453 F.2d 238 (2nd Cir. 1971), 253, Reid v. Board of Ed. of City of New York

Docket Nº:253, 71-1791.
Citation:453 F.2d 238
Party Name:Riley REID, a minor under the age of 21 years, by his mother, Ellen Hoffman, and Benjamin Kennedy, a minor under the age of 21 years, by his mother, Virginia Kennedy, on behalf of themselves and all others similarly situated, Plaintiffs-Appellants, v. The BOARD OF EDUCATION OF the CITY OF NEW YORK, and Harvey B. Scribner, individually and as Chance
Case Date:December 14, 1971
Court:United States Courts of Appeals, Court of Appeals for the Second Circuit
 
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Page 238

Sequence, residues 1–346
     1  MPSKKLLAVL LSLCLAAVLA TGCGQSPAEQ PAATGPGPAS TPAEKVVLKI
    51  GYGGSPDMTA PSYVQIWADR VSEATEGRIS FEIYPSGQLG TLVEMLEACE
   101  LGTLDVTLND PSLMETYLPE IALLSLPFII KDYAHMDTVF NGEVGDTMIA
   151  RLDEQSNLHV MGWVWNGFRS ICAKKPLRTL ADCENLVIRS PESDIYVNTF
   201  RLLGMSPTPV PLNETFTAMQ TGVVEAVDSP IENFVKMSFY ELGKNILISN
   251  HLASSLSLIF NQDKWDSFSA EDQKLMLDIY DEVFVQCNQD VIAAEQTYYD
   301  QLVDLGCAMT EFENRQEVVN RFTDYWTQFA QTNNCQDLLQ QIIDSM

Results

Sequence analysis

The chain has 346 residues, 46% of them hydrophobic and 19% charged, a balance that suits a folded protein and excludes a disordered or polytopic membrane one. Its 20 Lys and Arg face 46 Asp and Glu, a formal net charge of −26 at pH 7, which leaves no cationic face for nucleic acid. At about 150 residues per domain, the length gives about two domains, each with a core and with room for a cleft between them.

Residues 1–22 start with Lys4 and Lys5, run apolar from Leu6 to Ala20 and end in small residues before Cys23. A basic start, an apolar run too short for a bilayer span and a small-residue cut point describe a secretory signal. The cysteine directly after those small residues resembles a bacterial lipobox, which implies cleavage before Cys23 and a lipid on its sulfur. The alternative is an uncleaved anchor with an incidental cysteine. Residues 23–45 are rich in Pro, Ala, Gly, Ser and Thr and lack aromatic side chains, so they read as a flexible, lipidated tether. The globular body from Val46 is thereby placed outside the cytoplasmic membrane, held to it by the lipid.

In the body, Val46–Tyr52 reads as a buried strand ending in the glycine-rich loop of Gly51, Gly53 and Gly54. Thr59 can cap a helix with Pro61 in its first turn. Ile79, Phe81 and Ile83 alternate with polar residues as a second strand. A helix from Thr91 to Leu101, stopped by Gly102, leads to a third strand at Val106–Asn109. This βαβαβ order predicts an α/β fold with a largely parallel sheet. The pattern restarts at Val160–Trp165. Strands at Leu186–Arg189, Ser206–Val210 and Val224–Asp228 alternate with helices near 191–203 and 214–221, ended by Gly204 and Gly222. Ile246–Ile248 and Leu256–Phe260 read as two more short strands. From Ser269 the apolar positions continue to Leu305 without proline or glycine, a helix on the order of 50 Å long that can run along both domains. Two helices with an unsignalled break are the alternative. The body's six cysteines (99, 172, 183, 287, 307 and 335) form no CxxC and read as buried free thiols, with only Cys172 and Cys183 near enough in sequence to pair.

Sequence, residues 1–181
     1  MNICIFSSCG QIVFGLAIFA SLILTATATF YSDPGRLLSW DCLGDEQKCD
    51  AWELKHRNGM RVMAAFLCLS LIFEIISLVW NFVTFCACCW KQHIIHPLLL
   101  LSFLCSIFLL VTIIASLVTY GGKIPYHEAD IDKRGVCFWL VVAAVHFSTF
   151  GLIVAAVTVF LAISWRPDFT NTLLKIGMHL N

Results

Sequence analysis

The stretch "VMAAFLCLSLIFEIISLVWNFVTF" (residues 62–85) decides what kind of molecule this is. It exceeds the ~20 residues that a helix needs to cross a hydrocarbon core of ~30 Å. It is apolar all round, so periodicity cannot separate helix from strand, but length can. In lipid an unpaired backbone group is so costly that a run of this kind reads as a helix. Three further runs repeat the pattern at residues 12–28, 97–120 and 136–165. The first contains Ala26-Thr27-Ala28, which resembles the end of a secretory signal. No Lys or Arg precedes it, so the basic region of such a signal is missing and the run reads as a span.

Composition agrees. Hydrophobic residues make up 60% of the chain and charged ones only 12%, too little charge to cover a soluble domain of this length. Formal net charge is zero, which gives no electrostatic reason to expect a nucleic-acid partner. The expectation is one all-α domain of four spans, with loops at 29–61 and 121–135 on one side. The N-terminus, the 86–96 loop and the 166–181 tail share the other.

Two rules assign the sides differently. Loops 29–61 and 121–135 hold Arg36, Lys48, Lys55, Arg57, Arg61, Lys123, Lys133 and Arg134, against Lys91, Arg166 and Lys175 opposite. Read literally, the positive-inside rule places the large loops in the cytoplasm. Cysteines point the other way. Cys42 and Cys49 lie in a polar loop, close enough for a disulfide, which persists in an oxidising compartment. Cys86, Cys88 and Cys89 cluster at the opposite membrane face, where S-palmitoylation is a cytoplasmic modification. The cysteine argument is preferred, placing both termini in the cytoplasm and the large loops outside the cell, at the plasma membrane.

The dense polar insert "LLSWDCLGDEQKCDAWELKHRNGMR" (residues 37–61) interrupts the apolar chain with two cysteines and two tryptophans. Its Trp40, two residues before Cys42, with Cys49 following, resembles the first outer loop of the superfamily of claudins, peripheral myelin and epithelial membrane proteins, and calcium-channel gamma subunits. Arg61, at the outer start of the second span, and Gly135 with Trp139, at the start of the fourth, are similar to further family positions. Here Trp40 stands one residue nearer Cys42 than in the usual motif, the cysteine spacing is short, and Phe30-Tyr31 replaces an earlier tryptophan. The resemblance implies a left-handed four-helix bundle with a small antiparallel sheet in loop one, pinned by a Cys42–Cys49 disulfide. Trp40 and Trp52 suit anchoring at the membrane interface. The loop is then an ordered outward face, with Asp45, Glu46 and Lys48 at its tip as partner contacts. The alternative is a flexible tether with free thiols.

453 F.2d 238 (2nd Cir. 1971)

Riley REID, a minor under the age of 21 years, by his mother, Ellen Hoffman, and Benjamin Kennedy, a minor under the age of 21 years, by his mother, Virginia Kennedy, on behalf of themselves and all others similarly situated, Plaintiffs-Appellants,

v.

The BOARD OF EDUCATION OF the CITY OF NEW YORK, and Harvey B. Scribner, individually and as Chancellor of the Board of Education, Defendants-Appellees.

No. 253, 71-1791.

United States Court of Appeals, Second Circuit.

December 14, 1971

Argued Nov. 9, 1971.

Page 239

Lawrence J. Fox, New York City (Community Action for Legal Services, Inc., New York City, Marttie Louis Thompson, David Rudenstine, New York City, of counsel), for plaintiffs-appellants.

Mary P. Bass, New York City (J. Lee Rankin, Corp. Counsel, Stanley Buchsbaum, New York City, of counsel), for defendants-appellees.

Before KAUFMAN and MANSFIELD, Circuit Judges, and LEVET, District Judge. [*]

IRVING R. KAUFMAN, Circuit Judge: